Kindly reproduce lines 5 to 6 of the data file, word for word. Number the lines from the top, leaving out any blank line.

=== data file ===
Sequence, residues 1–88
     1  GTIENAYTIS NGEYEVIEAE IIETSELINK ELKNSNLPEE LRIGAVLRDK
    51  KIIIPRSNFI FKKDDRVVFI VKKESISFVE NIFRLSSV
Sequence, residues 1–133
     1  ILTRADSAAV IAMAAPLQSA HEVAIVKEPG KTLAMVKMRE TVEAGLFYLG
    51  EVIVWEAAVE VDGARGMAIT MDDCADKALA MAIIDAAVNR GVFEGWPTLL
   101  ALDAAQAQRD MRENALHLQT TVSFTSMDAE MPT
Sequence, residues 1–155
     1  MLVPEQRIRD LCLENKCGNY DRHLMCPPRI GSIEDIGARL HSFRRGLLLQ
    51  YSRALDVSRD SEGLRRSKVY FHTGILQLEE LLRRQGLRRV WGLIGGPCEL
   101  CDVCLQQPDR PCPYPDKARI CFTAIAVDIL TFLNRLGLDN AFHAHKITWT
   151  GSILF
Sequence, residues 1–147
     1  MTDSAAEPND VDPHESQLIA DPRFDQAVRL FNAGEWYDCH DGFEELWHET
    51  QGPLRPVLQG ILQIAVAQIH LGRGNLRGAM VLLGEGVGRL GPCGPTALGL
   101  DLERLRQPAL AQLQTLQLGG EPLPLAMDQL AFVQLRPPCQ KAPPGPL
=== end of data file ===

     1  ILTRADSAAV IAMAAPLQSA HEVAIVKEPG KTLAMVKMRE TVEAGLFYLG
    51  EVIVWEAAVE VDGARGMAIT MDDCADKALA MAIIDAAVNR GVFEGWPTLL